• one year ago
  16. marceloronniel
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    yeah

    • one year ago
  17. chihiroasleaf
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    now.., let's look at your problem... you have 15 in totals.., with 5 identical cans of tomato soup, 4 identical cans of mushroom soup, 3 identical cans of celery soup and 3 identical cans of vegetable soup Your first problem "How many displays have a can of tomato soup at each end?" you have 5 cans of tomato.., if at the end of the rows must be the tomato.., how many cans of tomato soup left? T_ _ _ _ _ _ _ _ _ _ _ _ _ T the first can and the last can in the row must be tomato (I used the letter T) so.., what cans you should arrange in the middle?

    • one year ago
  18. AravindG
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    @mayankdevnani sorry bro I was not here at that time ..seems @chihiroasleaf has everything in control now :)

    • one year ago
  19. marceloronniel
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    the remaining 13 cans.........

    • one year ago
  20. chihiroasleaf
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    yes... and what are they?

    • one year ago
  21. marceloronniel
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    3 cans of tomato, four cans of mushroom 3 cans of celery 3 cans of vegetable

    • one year ago
  22. chihiroasleaf
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    yup.., so you have 13 cans with 3 cans of tomato, 4 cans of mushroom, 3 cans of celery, and 3 cans of vegetable.., now.., how many ways can you arrange this 13 cans? :)

    • one year ago
  23. marceloronniel
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    1 201 200 ways???????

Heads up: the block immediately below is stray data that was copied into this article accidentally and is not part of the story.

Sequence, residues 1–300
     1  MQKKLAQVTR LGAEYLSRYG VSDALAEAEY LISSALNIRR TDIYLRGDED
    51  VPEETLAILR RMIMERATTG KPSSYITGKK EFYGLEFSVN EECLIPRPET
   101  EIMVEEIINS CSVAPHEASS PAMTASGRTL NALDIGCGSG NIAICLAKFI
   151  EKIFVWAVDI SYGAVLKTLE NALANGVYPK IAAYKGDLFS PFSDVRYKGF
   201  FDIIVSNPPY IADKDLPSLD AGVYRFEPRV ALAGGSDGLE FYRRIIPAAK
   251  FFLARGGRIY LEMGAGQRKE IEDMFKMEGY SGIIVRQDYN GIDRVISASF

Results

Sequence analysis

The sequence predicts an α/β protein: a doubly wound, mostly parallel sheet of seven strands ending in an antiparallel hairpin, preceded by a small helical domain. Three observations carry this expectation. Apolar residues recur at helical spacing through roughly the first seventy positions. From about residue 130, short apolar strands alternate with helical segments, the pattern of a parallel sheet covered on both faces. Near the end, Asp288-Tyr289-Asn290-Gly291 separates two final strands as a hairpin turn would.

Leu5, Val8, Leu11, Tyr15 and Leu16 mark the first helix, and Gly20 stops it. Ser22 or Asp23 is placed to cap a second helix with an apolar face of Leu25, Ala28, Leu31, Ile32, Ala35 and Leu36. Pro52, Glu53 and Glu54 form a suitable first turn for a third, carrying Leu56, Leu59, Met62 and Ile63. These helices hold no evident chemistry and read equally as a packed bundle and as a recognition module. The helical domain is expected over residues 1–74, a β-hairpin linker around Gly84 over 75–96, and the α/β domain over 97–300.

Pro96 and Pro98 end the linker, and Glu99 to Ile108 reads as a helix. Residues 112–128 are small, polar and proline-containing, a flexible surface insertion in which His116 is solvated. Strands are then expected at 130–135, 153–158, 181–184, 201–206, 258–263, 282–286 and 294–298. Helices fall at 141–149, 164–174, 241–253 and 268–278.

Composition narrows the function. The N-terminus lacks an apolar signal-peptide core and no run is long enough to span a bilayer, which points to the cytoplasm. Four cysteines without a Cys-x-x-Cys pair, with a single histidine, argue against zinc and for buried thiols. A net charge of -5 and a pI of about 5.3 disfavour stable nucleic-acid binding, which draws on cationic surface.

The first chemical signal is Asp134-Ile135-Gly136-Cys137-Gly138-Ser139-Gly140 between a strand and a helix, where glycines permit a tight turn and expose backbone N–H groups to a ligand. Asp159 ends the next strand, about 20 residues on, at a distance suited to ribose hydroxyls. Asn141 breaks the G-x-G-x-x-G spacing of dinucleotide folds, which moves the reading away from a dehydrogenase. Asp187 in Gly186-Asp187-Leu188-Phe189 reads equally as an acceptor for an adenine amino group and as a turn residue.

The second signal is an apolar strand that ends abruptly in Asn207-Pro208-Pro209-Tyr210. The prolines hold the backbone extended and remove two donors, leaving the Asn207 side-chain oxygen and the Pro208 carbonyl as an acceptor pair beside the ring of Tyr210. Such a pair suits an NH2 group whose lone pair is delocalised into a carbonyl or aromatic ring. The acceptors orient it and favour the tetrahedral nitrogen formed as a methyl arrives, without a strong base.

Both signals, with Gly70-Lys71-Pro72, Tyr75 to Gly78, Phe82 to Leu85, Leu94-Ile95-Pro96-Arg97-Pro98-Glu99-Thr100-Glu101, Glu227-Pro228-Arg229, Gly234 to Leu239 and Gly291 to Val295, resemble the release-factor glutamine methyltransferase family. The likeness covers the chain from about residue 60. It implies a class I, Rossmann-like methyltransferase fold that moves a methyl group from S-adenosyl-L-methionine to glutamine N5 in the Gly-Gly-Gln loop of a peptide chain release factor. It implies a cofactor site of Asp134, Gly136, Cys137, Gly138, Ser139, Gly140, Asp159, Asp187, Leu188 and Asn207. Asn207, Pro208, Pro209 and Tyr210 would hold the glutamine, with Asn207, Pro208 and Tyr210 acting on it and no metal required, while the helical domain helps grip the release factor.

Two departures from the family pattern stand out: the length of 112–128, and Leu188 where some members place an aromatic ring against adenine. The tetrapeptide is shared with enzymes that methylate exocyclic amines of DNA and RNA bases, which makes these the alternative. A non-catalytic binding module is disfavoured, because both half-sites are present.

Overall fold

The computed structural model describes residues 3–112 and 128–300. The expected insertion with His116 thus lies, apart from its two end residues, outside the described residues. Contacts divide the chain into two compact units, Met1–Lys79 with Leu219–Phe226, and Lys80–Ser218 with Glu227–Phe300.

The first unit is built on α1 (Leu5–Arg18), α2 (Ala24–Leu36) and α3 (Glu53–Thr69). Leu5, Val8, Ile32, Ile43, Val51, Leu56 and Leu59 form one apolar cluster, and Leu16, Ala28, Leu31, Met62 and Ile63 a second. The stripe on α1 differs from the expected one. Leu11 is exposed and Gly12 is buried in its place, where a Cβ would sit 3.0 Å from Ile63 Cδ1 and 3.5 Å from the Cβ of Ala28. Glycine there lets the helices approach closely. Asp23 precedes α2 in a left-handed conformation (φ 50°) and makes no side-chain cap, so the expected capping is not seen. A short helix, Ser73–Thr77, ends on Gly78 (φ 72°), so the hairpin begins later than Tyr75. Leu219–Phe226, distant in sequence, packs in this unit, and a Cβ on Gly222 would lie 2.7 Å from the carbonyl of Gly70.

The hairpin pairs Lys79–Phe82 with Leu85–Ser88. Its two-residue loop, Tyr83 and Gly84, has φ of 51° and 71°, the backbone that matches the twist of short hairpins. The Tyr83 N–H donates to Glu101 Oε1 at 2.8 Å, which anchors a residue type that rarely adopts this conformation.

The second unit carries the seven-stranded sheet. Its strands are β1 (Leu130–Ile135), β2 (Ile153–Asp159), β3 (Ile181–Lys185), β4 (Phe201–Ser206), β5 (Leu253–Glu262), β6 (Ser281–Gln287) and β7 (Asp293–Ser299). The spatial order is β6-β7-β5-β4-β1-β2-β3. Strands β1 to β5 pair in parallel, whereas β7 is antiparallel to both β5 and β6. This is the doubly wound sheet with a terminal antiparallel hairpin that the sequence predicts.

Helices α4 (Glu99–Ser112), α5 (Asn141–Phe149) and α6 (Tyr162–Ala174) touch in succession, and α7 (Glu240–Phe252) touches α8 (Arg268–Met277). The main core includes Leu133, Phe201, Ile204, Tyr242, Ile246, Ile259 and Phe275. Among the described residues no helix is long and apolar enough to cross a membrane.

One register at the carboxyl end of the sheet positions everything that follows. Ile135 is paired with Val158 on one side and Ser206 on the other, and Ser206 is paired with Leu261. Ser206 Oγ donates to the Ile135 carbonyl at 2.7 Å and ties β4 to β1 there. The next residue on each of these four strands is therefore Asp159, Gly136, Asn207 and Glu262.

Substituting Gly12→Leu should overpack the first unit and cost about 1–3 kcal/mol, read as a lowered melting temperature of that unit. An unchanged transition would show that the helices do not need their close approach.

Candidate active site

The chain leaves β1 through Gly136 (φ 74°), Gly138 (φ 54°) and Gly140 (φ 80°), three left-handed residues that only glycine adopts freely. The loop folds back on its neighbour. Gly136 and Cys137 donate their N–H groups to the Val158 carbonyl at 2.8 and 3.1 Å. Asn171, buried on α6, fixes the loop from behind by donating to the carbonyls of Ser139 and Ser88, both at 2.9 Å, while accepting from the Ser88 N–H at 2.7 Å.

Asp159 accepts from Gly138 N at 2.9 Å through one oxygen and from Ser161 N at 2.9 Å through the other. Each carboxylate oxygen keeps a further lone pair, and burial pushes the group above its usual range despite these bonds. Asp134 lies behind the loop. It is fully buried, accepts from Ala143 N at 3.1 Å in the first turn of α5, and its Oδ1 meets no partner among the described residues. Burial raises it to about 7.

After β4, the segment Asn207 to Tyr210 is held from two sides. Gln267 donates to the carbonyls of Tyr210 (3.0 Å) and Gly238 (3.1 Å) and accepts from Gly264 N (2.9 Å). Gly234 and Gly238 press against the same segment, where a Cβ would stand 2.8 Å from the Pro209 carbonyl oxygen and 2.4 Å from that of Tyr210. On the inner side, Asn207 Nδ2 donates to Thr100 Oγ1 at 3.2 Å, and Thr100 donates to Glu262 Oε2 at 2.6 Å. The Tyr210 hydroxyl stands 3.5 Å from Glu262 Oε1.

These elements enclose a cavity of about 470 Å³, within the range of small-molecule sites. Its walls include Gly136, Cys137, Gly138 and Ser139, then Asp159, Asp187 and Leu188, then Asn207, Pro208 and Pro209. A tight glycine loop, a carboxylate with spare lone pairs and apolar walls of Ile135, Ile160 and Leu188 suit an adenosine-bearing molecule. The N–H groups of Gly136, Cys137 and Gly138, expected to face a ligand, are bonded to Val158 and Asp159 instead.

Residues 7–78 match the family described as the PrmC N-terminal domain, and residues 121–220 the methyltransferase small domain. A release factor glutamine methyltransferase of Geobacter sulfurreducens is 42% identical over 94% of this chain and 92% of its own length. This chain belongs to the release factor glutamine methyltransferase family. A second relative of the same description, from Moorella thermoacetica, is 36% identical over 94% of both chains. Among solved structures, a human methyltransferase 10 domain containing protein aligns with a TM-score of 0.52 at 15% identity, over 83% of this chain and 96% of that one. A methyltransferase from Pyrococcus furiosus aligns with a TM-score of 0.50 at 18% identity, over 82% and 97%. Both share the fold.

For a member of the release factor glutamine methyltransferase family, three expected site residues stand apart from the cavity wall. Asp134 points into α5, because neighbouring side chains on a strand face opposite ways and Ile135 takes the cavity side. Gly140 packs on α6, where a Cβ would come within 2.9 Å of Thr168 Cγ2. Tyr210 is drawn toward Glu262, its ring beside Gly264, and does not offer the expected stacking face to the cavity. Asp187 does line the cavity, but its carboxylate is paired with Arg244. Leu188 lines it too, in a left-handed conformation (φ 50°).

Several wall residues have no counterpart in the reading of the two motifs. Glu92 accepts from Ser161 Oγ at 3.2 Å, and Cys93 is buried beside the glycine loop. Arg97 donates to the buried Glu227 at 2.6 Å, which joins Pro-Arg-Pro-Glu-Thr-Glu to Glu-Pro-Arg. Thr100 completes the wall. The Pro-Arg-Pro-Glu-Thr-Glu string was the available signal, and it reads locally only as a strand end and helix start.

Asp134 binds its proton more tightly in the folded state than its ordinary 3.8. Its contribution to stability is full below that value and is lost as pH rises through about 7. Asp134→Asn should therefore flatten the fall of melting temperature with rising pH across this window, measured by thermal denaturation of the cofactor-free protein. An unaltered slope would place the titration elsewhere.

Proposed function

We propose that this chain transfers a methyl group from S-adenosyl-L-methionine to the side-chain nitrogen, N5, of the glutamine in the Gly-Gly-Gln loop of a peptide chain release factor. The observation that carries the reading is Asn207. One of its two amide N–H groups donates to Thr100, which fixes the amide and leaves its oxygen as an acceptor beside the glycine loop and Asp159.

• one year ago
  24. chihiroasleaf
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    I don't count it yet..., how do you find it? :) in factorial notation?

    • one year ago
  25. marceloronniel
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    I saw the way kropot72 did it err

    • one year ago
  26. chihiroasleaf
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    ok.., it's correct... :) do you get it now?

    • one year ago
  27. marceloronniel
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    how about letter b? even only the visualization.......

    • one year ago
  28. marceloronniel
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    pleeease!!!! ty

    • one year ago
  29. chihiroasleaf
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    the question is 'How many displays have a can of the same kind of soup at each end?' you have can of tomato(T), mushroom(M), celery (C), and vegetable (V) can you list the possibility of row with the same kind of soup at each end? for example : T _ _ _ _ _ _ _ _ _ _ _ _ _ T can you list the others?

    • one year ago
  30. marceloronniel
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    so you're pointing out for mo to just multiply my answer by 4?

    • one year ago
  31. chihiroasleaf
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    no.., it's adding not multiply...

    • one year ago
  32. chihiroasleaf
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    so.., you have to find the number of ways at each possibility and add the result.. the sum will be the answer..

    • one year ago
  33. marceloronniel
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    hahaha i'm i don't mean it ...was just excited to finish my task...

    • one year ago
  34. marceloronniel
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    I got it...thank you without you...i'm lost.....:)

    • one year ago
  35. chihiroasleaf
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    you're very welcome... :) good luck

    • one year ago